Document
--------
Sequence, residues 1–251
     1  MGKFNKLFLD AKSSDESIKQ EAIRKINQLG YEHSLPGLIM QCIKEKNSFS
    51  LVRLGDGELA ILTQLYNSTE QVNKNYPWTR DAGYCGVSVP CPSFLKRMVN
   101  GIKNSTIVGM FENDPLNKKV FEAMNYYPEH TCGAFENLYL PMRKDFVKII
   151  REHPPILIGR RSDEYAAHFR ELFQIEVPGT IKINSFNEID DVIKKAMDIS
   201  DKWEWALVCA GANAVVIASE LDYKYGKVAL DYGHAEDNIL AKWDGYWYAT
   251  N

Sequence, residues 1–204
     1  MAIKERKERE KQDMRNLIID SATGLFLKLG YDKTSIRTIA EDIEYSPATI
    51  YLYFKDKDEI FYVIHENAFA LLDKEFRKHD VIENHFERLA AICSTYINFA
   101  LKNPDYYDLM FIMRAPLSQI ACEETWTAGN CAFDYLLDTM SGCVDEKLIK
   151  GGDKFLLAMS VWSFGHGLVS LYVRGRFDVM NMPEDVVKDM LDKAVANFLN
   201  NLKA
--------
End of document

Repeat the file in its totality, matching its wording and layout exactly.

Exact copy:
Sequence, residues 1–251
     1  MGKFNKLFLD AKSSDESIKQ EAIRKINQLG YEHSLPGLIM QCIKEKNSFS
    51  LVRLGDGELA ILTQLYNSTE QVNKNYPWTR DAGYCGVSVP CPSFLKRMVN
   101  GIKNSTIVGM FENDPLNKKV FEAMNYYPEH TCGAFENLYL PMRKDFVKII
   151  REHPPILIGR RSDEYAAHFR ELFQIEVPGT IKINSFNEID DVIKKAMDIS
   201  DKWEWALVCA GANAVVIASE LDYKYGKVAL DYGHAEDNIL AKWDGYWYAT
   251  N

Sequence, residues 1–204
     1  MAIKERKERE KQDMRNLIID SATGLFLKLG YDKTSIRTIA EDIEYSPATI
    51  YLYFKDKDEI FYVIHENAFA LLDKEFRKHD VIENHFERLA AICSTYINFA
   101  LKNPDYYDLM FIMRAPLSQI ACEETWTAGN CAFDYLLDTM SGCVDEKLIK
   151  GGDKFLLAMS VWSFGHGLVS LYVRGRFDVM NMPEDVVKDM LDKAVANFLN
   201  NLKA